The problems, and the crises, mount, because that’s the Noé way: a film that opens as a jagged symphony of tragic beauty turns into a repetitive dirge. Noé wants us to know how bad things can get, and then keeps turning the screws until his exaggerations become a cruel joke. Before long, the artistry that seemed so dazzling at the beginning comes to seem like a gimmick.

The reality of aging, ailing parents is something most of us don’t think about until we have to, and who can blame us? It’s almost too sad to face. Vortex bears some resemblance to Michael Haneke’s Amour, in which a similarly aged couple (played by Jean-Louis Trintignant and Emmanuelle Riva) face the end of life, and though it’s not quite as tastefully airless as that film, it feels similarly punishing.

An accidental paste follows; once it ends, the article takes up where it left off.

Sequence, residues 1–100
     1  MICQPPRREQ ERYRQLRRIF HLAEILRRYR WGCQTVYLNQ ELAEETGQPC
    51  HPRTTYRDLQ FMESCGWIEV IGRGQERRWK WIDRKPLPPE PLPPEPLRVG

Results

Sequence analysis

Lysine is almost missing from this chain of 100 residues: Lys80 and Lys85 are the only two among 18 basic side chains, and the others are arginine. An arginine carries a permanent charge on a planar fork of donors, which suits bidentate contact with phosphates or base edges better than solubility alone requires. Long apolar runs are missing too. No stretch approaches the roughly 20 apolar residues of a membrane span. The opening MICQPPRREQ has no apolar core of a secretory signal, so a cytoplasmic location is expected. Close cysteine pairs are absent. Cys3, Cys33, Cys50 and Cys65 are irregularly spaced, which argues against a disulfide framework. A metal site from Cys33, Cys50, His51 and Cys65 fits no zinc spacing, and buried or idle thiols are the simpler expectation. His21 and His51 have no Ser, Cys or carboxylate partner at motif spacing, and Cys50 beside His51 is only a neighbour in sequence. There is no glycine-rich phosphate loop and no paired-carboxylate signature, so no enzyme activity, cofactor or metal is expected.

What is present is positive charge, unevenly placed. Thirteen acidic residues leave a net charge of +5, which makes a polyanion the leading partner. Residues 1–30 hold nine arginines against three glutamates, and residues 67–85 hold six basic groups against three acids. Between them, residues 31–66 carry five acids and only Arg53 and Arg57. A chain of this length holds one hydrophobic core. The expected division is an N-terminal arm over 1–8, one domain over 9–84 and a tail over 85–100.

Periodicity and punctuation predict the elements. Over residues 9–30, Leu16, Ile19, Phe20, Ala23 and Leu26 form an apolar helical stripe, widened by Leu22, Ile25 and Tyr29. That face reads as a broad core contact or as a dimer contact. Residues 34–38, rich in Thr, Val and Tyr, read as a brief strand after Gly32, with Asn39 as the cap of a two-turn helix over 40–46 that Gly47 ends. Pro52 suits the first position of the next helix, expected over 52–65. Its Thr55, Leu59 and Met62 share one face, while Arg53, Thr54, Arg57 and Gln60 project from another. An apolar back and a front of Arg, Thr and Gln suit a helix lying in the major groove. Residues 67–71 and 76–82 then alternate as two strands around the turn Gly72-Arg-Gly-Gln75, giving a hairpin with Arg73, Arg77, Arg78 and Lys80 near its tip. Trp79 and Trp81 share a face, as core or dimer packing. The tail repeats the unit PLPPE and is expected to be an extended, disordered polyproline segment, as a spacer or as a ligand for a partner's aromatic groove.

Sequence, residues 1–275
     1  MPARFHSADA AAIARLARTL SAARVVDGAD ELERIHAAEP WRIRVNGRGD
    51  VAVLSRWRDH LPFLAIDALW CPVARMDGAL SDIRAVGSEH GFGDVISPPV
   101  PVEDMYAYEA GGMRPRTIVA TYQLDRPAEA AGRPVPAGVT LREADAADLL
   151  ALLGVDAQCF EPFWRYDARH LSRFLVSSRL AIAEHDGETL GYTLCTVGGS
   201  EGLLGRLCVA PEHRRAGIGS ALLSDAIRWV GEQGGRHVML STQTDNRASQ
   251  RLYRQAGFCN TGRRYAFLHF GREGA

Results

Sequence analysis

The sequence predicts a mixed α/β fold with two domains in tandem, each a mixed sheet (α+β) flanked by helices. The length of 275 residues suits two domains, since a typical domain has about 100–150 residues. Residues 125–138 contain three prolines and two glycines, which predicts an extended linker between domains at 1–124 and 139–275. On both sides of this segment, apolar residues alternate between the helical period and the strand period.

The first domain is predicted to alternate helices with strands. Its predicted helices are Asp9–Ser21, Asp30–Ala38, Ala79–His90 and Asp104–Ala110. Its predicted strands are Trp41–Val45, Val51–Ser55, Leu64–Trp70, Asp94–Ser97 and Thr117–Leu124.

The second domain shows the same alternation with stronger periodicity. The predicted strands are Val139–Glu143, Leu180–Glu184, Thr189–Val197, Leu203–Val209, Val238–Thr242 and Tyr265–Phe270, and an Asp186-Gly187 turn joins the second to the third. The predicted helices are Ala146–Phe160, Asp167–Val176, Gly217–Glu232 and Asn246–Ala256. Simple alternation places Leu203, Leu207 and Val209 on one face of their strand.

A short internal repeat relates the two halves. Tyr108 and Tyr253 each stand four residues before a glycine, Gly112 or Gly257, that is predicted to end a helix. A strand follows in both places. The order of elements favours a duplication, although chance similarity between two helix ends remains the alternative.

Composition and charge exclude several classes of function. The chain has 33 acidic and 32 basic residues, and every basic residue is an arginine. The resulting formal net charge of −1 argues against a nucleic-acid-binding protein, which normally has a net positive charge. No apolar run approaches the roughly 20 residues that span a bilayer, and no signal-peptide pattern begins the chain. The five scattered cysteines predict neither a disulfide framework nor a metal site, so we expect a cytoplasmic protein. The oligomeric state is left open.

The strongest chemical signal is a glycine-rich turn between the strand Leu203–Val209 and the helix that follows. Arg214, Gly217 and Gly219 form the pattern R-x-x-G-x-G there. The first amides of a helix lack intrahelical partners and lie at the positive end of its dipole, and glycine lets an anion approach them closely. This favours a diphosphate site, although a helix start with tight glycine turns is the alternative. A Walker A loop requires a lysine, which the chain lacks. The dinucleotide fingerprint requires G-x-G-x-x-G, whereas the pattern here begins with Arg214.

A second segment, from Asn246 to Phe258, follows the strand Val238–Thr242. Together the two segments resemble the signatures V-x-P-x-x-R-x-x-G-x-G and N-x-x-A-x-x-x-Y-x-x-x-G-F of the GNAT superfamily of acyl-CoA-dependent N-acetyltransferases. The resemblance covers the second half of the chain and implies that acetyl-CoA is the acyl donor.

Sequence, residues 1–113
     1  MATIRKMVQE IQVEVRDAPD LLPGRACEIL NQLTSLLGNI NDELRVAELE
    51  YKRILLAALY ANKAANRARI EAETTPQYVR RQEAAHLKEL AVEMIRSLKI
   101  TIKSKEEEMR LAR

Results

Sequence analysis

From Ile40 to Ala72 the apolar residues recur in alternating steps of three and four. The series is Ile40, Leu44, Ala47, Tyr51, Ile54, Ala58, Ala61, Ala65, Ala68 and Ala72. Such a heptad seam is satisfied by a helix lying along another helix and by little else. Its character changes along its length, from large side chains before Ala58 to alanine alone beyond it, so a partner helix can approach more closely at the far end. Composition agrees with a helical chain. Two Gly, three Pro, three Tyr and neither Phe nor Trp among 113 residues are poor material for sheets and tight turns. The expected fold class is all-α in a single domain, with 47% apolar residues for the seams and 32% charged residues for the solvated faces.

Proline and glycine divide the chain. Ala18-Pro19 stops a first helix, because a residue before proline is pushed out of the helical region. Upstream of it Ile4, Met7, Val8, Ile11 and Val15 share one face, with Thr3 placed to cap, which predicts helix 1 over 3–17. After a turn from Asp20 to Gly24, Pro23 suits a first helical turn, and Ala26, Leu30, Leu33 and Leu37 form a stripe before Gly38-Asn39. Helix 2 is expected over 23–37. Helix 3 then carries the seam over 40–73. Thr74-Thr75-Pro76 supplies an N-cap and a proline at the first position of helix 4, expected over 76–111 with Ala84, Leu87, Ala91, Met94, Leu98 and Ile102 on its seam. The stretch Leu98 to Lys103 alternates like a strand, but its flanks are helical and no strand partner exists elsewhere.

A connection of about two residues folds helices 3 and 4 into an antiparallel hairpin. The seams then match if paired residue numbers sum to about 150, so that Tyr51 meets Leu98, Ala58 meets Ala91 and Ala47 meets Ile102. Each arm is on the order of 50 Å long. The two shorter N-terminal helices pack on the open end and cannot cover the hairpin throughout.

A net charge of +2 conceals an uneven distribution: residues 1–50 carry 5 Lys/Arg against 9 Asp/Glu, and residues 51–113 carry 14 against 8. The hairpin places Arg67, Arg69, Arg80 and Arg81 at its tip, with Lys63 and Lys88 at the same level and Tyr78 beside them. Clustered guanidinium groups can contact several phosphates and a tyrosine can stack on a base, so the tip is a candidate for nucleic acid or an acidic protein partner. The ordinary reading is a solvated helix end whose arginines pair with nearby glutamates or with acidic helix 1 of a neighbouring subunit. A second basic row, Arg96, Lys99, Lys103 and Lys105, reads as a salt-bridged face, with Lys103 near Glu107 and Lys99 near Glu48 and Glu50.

Admittedly, no one needs to see a happy film about elderly people suffering from dementia. But with Vortex, the law of diminishing returns eventually kicks in—there’s a point at which an audience is likely to shut down rather than remain porous. Noé’s actors are wonderful—somehow they keep the whole thing going. This is Argento’s first leading role (he also says it will be his last, a one-off), but he gives us a potent sense of his character’s selfishness as well as his latent tenderness. And Lebrun is quietly marvelous, playing an intelligent, accomplished woman who’s suddenly as unsure of life as a child. Both her fragility and her stubbornness are believable and moving, though in the end, both of these actors become pawns in Noé’s excessively clever game. So much of Vortex is stirring, compelling, upsetting. But a greater share is merely numbing in its depressive showiness. Noé, the eternal provocateur, is the leopard who can’t or won’t change his spots. Never again. Until next time.